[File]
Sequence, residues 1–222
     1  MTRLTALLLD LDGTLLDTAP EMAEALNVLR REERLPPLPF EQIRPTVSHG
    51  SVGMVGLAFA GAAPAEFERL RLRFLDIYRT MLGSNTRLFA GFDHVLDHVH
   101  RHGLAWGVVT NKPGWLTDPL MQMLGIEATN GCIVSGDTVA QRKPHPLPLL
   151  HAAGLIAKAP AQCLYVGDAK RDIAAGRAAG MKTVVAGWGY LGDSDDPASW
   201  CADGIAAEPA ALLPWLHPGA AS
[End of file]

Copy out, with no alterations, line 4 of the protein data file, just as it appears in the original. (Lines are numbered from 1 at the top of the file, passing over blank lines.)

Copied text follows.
   101  RHGLAWGVVT NKPGWLTDPL MQMLGIEATN GCIVSGDTVA QRKPHPLPLL